The Autism Inpatient Collection (AIC): Problem Behaviors and Communication Difficulties

Friday, May 15, 2015: 11:30 AM-1:30 PM
Imperial Ballroom (Grand America Hotel)
D. L. Williams1, K. A. Smith2, C. A. Mazefsky3, R. Gabriels4, C. Peura5 and M. Siegel6, (1)Duquesne University, Pittsburgh, PA, (2)Maine Medical Center Research Institute, Portland, ME, (3)Psychiatry, University of Pittsburgh School of Medicine, Pittsburgh, PA, (4)Children's Hospital Colorado, Aurora, CO, (5)Spring Harbor Hospital, Westbrook, ME, (6)Maine Medical Center Research Institute, Westbrook, ME
Background: Problem behaviors are linked to the level of language/communication skills in children with autism spectrum disorders (ASD). Previous studies, however, have primarily included school-enrolled children with limited representation of children with a range of skills. The Autism Inpatient Collection (AIC) provides rigorous phenotypic and biological data on a large cohort of children and adolescents with the full spectrum of ASD characteristics, allowing a more full examination of the relationship between problem behaviors and communication skills in ASD.

Objectives: The language/communication profile and problem behavior rates of inpatients with ASD were examined based on verbal level.

Methods: Participants were 105 children and adolescents aged 4-20 years, admitted to six specialized inpatient psychiatry units and prospectively enrolled in a study performing phenotypic assessment and collection of biological samples.  All subjects scored ≥12 on the Social Communication Questionnaire (SCQ) before study enrollment.  ASD diagnosis was confirmed by ADOS-2 administration by a research-reliable examiner and extensive inpatient observation by expert clinicians.  Other measures included the Aberrant Behavior Checklist (ABC), Repetitive Behavior Scale - Revised, Leiter-3, and Vineland-2.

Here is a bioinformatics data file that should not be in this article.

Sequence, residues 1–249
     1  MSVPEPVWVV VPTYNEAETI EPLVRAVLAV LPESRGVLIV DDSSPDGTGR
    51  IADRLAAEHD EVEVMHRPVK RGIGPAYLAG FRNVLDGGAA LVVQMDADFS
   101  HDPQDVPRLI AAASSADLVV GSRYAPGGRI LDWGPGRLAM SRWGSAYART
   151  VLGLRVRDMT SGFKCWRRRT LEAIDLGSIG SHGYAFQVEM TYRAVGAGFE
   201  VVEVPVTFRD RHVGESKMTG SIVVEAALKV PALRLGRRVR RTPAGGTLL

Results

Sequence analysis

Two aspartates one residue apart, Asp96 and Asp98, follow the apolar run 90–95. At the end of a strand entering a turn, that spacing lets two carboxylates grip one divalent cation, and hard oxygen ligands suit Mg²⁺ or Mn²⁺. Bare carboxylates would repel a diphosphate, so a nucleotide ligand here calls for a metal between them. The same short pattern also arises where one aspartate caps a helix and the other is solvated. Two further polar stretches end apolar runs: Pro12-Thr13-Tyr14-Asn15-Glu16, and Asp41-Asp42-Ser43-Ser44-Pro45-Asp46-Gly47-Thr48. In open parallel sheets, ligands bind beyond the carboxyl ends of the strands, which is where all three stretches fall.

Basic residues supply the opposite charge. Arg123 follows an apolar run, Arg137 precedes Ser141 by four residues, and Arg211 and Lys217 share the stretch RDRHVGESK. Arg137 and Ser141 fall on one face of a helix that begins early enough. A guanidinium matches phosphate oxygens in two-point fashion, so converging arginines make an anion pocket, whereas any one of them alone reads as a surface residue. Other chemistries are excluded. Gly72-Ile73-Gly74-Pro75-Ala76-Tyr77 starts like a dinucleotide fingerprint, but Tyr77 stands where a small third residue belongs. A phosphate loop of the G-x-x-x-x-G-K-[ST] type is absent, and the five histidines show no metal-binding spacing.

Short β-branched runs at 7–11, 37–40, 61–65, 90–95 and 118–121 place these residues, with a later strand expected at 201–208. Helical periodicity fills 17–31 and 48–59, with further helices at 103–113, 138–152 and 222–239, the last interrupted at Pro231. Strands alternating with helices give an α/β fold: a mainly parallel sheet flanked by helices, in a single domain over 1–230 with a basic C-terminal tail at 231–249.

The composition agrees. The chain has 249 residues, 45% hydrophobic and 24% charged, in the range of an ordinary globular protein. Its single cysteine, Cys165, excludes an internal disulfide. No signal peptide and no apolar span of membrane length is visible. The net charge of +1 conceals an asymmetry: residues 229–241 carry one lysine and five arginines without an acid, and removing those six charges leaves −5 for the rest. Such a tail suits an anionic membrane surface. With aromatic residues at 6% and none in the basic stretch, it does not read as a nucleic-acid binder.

Results: Participants were categorized based on the administered ADOS module [Modules 1/2 = Low Verbal (LV), n=58; Modules 3/4 = Verbal (V), n=47]. The groups did not differ significantly in age [LV Mean age 12.58 years (SD 3.61), range 5.77-20.08; V Mean age 12.77 (SD 3.37), range 4.58-17.92, t(103)=-.272, p=.787]. They were similar in gender (LV=25.9%; V=23.4% female), race (LV=77.6%; V = 78.7% Caucasian), and ethnicity (LV=92.2%; V=90.0% non-Hispanic/non-Latino). The groups were significantly different in mean non-verbal IQ [LV Mean 49.47 (SD 17.65), range 30-99; V Mean 94.35 (SD 22.52), range 35-135; t(81)=-10.15, p<.0001]; mean SCQ total score [LV Mean 26.36 (SD 5.34); V Mean 21.52 (SD 5.89); t(90)=4.13, p<.0001]; and, mean Vineland-2 receptive communication score [LV Mean 6.29 (SD 2.89); V Mean 8.13 (SD 1.85), t(69)=-3.09, p=.003] and expressive communication score [LV Mean 4.10 (SD 2.78); V Mean 9.50 (SD 3.07); t(67)=-.759, p>.0001]. Initial analyses of measures of problem behavior indicated that the groups did not differ on mean ABC-Irritability scores [LV Mean 28.13 (SD 10.87); V Mean 24.93 (SD 13.17), t(99)=1.34, p=1.85] but did differ significantly on mean ABC-Stereotypic behavior scores [LV Mean 10.15 (SD 6.36); V Mean 6.04 (SD 5.87), t(99)=3.34, p=.001] and mean for self-injurious behavior subscale from the RBS-R [LV Mean 9.75 (SD 6.02); V Mean 7.00 (SD 5.41), t(88)=2.24, p=.028]. Sixty-three percent of the children who were Low Verbal were reported to use a communication system; 55.2% of these used the Picture Exchange Communication System (PECS); 24.1% used sign language; and, 37.3% used a voice output device.

Conclusions: This cohort of children and adolescents with ASD have a high proportion of significant cognitive and spoken language impairment. Children with more limited verbal skills had more stereotypical and self-injurious behaviors as compared to children with fluent speech. In addition, only about half of the participants with limited verbal skills were reported to use a method of augmented communication, a variable that should be further examined with respect to problem behaviors.